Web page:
The summer holidays can be a great time to get kids into the kitchen and kick-start long-term healthy eating habits. We’ve picked three easy recipes that you can have fun recreating at home with the little ones. Our Head of Nutrition, Alice, also shares her thoughts on their brain-boosting properties. Post your best creations on Instagram and tag us @foodforthebrainfoundation.
Sweet Potato Quiche
4 sweet potatoes, peeled and sliced into thin rounds (the rounds should be thin enough to bend easily)
5 eggs, beaten
2 cups fresh spinach
10 slices of sundried tomato, chopped
1 red onion, sliced
1 garlic clove, minced
2 tbsp fresh chives
Preheat your oven to 200°C. Arrange the potato slices in a pie dish in a circular pattern to form a “crust” for the quiche. Drizzle the sweet potatoes with olive oil and season to taste. Place in the oven and bake for 15 to 20 minutes.
Warm some olive oil in a skillet over a medium heat and add the garlic and onion. Cook until the onion and garlic are soft and fragrant, around 5 minutes.
Add in the spinach. Sauté until wilted, 2 to 3 minutes, and set aside to cool down. When the sweet potatoes are done, lower the oven heat to 375 F.
In a bowl, combine the beaten eggs with the spinach mixture, sundried tomato and chives.
Pour over the sweet potato crust, and place in the oven. Bake for 30 to 35 minutes, or until the eggs are set; serve warm.
Alice adds: Sweet potatoes, spinach and red onion are a rich source of antioxidants, which may help to support brain health by reducing the effects of oxidative stress on the brain. Eggs are great for increasing protein and are also a good source of vitamins B6 and B12, folate and choline, which are essential for keeping tiny brains energised throughout the day, as well as supporting a biochemical process called methylation, which is vital for mental and neurological wellbeing.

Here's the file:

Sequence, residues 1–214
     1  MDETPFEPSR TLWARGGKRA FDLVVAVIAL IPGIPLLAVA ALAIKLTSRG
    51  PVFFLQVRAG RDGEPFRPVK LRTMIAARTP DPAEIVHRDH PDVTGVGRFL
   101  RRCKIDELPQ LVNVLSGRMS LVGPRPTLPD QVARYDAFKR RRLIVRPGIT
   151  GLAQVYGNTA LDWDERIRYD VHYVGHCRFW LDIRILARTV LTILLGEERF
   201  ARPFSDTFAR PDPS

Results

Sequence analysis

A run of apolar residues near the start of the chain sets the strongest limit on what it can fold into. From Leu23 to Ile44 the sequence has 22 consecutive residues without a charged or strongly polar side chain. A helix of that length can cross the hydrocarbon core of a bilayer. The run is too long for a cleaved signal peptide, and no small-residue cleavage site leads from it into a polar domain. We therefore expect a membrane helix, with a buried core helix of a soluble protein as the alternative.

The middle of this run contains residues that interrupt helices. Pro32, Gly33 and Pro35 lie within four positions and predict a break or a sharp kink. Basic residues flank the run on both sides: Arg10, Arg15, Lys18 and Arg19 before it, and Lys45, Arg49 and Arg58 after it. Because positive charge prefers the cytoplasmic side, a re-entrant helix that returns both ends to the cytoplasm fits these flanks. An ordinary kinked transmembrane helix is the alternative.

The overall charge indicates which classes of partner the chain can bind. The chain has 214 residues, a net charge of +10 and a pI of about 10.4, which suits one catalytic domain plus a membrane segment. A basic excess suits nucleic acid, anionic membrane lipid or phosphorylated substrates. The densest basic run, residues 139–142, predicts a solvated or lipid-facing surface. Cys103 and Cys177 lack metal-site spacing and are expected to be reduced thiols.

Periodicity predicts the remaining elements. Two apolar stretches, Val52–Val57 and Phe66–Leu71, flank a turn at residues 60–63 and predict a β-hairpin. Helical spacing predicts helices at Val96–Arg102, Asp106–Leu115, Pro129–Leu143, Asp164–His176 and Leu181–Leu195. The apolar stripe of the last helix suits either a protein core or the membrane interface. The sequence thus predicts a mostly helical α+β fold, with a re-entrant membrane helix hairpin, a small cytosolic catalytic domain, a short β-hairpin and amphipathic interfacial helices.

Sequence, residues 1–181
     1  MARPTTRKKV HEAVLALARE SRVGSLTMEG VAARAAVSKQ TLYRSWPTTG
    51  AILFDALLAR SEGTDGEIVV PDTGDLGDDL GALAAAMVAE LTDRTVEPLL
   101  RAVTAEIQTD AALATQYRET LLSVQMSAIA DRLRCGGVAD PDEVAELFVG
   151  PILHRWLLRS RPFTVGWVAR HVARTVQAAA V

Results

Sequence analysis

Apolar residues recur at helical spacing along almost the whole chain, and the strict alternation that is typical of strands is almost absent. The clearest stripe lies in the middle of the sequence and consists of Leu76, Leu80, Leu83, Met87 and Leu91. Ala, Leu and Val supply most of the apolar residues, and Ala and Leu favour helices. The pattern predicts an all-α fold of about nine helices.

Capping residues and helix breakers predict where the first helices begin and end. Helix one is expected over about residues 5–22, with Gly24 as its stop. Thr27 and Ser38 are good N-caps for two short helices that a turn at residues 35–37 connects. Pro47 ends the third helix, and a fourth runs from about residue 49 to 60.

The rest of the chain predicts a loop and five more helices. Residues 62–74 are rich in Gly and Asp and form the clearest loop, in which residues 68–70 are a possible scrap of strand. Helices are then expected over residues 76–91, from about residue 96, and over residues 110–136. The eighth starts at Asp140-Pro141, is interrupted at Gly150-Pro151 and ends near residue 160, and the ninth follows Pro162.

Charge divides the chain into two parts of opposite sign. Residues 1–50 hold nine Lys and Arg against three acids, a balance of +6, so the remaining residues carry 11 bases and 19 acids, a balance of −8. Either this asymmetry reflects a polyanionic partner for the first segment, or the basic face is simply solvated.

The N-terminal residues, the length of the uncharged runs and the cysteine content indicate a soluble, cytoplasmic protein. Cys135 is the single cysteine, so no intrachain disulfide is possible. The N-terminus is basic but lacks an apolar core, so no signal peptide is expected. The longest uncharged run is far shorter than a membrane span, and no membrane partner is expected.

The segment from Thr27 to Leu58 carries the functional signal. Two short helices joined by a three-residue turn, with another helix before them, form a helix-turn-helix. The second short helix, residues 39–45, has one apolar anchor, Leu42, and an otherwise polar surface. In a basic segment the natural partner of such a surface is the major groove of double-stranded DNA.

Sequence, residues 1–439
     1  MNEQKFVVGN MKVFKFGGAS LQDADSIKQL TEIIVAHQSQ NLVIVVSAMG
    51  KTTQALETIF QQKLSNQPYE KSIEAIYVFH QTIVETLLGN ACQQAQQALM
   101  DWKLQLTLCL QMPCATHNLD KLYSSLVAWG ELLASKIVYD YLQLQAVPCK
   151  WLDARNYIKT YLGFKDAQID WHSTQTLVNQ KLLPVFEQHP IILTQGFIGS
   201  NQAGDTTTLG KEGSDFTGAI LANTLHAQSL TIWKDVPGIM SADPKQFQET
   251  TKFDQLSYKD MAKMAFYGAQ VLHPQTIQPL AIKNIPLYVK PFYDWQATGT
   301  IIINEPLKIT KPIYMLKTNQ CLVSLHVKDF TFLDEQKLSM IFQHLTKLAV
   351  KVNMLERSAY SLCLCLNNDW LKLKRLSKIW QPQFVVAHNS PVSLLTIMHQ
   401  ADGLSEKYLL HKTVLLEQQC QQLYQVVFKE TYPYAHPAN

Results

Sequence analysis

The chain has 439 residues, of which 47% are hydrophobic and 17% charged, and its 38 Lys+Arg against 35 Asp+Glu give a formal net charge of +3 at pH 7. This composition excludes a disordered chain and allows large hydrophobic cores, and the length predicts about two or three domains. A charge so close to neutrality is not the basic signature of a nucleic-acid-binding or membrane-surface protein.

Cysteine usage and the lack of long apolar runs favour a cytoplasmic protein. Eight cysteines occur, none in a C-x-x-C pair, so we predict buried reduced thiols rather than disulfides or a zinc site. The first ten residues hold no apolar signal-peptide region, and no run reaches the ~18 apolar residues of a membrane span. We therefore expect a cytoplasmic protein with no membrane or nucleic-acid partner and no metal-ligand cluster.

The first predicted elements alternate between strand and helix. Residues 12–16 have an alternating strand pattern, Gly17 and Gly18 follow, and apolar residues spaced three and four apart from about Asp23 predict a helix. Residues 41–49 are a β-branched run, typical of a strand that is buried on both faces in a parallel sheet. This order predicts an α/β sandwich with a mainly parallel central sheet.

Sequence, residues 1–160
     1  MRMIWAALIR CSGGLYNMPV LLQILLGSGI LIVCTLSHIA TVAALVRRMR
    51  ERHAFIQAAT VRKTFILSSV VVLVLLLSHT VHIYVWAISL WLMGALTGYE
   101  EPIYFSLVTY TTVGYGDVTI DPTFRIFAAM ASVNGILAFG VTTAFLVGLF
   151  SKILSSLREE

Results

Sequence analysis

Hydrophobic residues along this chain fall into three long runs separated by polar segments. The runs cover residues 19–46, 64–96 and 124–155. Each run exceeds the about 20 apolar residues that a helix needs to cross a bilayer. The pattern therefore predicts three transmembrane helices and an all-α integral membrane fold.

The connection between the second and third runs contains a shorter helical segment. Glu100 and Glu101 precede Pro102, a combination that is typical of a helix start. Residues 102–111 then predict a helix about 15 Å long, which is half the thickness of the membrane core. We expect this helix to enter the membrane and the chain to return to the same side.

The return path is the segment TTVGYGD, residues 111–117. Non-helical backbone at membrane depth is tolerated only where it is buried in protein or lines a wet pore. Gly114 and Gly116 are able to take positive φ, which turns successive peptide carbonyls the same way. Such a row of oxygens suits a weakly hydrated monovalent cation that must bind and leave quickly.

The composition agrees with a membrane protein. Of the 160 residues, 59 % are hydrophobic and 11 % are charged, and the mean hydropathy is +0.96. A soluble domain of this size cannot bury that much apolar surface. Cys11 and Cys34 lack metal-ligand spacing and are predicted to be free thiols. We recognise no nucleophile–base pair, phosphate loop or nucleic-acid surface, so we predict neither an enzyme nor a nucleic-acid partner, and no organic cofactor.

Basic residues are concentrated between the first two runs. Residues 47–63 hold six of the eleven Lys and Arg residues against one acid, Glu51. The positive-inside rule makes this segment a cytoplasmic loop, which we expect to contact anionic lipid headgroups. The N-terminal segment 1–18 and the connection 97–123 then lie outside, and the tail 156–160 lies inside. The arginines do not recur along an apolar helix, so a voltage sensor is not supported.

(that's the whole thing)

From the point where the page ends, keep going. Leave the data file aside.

100g good quality dark chocolate, broken into rough chunks
2 tbsp tahini or unsalted hazelnut butter (from health-food stores)
2 tsp ground cinnamon
50g mixed unsalted nuts, roughly chopped
50g desiccated coconut
50g pumpkin seeds
A good tbsp of ground or cracked flaxseeds (linseeds)
Melt the chocolate then stir in the tahini. Place ten paper cake cases on a baking sheet. Mix in the dry ingredients until evenly coated then spoon into the cake cases and chill until set.
Alice adds: Kids love chocolate and the above recipe is a luxurious chocolate fix, which also packs a nutritional punch. Pumpkin seeds are a good source of zinc, which is important for increasing levels of GABA and modulating dopamine and adrenaline. Cacao is a rich source of magnesium, which similarly to zinc also works to reduce excitability of neurons, as well as reducing levels of oxidative stress in the brain. Flaxseeds are a source of dietary fibre and also contain ALA, a vegan source of omega 3 fatty acids, which are essential for brain health.
Big Baked Beans
1 tbsp olive oil
2 red onions, peeled and finely chopped
2 x 400g cans butter beans, rinsed and drained
2 x 400g cans chopped tomatoes
A little salt, or 1 tsp Marigold Reduced Salt Vegetable Bouillon powder
Freshly ground black pepper
Heat the oil in a saucepan and sauté the onions for 2 minutes to soften. Stir in the remaining ingredients and simmer for 2 minutes, then taste to check the seasoning. Serve on wholemeal or rye toast. Tip: You can also purée the mixture before adding the beans to make a smooth sauce like the canned versions.
Alice adds: These baked beans contain no added sugar and are low in salt. Consuming high levels of sugar and refined foods has been indicated to increase hyperactivity and neurocognitive deficits in some studies. Swapping store cupboard staples such as baked beans for low sugar and low salt alternatives, or making your own using the recipe above, is a great way of reducing sugar and salt intake whilst keeping little tummies happy.